This is a huge question, so I can only note down a few pointers.
If asked, ''what is my house worth?" there is only one answer: "it is worth what someone is prepared to pay for it." In other words, like most investments, its worth depends upon sentiment seasoned with other influences.
If people are confident about the economy, house rises will rise (it is a feedback loop - conversely, if house prices rise, people become confident about the economy). With current economic insecurity, we have seen house prices fall, of course.
Affordability is another issue, with mortgages dependent upon income. The more money available to buy properties, and the lower the rates, the freer are people to obtain loans. A major effect of this is to increase the cost of the house they would have bought anyway, with a marginal possibility that they could buy a better (as opposed to more expensive) property.
An influence here is earnings. Earnings tend to rise a little faster than inflation, so progressively more money comes available to fund house purchases - hence house prices will also tend to rise.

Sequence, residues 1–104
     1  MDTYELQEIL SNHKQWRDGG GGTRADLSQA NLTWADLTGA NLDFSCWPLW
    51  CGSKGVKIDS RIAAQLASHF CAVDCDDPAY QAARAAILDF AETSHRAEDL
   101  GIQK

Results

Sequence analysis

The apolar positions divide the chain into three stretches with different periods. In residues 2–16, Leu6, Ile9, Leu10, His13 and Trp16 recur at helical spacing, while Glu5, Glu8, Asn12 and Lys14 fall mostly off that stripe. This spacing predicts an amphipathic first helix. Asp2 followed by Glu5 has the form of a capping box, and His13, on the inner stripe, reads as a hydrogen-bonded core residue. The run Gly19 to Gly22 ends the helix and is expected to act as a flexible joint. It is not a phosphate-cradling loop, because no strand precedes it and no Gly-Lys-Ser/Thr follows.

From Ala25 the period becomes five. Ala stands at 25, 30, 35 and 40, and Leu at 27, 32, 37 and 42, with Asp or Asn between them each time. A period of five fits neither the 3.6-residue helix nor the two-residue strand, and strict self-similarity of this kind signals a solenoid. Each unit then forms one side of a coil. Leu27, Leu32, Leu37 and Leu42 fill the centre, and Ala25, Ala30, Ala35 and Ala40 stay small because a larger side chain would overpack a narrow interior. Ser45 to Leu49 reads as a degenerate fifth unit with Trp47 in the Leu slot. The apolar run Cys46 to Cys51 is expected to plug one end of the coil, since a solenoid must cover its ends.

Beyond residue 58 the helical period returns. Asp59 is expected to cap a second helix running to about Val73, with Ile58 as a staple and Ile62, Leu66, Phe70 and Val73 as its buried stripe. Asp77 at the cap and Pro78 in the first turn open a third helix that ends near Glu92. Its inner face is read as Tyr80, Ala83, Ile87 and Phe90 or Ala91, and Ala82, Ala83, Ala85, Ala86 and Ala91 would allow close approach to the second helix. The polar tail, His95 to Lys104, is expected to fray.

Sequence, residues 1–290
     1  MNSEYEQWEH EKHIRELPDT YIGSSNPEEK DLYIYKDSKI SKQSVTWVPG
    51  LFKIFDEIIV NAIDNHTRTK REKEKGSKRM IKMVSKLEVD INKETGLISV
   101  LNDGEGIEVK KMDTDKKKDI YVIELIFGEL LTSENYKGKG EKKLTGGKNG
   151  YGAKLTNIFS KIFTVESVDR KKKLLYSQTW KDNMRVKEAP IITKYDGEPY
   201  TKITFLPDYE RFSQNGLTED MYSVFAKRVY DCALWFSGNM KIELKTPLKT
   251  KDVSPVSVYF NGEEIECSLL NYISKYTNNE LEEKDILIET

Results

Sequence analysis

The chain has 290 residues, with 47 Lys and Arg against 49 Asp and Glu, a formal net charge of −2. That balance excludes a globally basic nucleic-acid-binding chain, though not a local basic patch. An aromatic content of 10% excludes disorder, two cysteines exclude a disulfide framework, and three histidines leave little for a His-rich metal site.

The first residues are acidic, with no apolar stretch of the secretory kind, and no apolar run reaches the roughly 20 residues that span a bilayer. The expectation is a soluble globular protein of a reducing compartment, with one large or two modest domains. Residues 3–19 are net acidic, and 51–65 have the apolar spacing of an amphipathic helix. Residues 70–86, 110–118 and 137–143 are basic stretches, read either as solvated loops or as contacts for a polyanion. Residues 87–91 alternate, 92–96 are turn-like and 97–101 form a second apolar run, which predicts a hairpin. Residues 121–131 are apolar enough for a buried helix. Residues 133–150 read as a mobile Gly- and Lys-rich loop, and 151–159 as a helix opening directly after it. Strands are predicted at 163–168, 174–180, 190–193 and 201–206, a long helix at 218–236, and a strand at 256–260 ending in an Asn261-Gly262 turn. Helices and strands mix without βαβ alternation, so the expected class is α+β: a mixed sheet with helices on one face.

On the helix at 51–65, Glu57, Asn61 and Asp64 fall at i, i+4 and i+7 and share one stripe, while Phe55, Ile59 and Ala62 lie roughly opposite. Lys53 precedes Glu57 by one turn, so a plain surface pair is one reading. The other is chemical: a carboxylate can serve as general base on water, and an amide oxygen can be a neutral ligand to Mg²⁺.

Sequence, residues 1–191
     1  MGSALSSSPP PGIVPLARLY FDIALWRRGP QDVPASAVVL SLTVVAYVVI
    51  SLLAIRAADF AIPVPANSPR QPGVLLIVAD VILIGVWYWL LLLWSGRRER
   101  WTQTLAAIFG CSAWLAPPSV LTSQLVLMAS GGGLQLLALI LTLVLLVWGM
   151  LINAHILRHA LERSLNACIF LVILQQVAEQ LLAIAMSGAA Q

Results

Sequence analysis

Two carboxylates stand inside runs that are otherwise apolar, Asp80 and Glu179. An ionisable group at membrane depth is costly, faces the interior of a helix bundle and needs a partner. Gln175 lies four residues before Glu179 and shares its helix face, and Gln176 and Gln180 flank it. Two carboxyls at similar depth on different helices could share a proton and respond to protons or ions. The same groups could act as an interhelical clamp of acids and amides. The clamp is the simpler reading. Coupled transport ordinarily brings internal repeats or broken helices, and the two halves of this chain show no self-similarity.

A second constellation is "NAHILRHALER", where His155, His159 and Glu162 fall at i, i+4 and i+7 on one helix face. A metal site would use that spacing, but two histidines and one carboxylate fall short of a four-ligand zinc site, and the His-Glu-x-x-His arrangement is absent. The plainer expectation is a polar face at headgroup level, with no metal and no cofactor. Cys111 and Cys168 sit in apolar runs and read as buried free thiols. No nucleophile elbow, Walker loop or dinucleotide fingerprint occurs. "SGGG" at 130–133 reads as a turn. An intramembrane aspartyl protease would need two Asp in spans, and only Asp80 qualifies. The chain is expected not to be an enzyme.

Locally there will be other influences on house price movements, such as unemployment levels, the influx or otherwise of new industries, the catchment area of a school with a good reputation, regeneration plans or proposed new wind farms or recycling centres, for instance. The quality of the immediate neighbourhood is critically important.
Finally, consider that it is impossible, mathematically, for house prices to rise indefinitely, as it is also impossible for indefinite growth of any investment. If they could, then the value of those investments or house prices would tend towards infinity. | 01.03.11 @ 19:46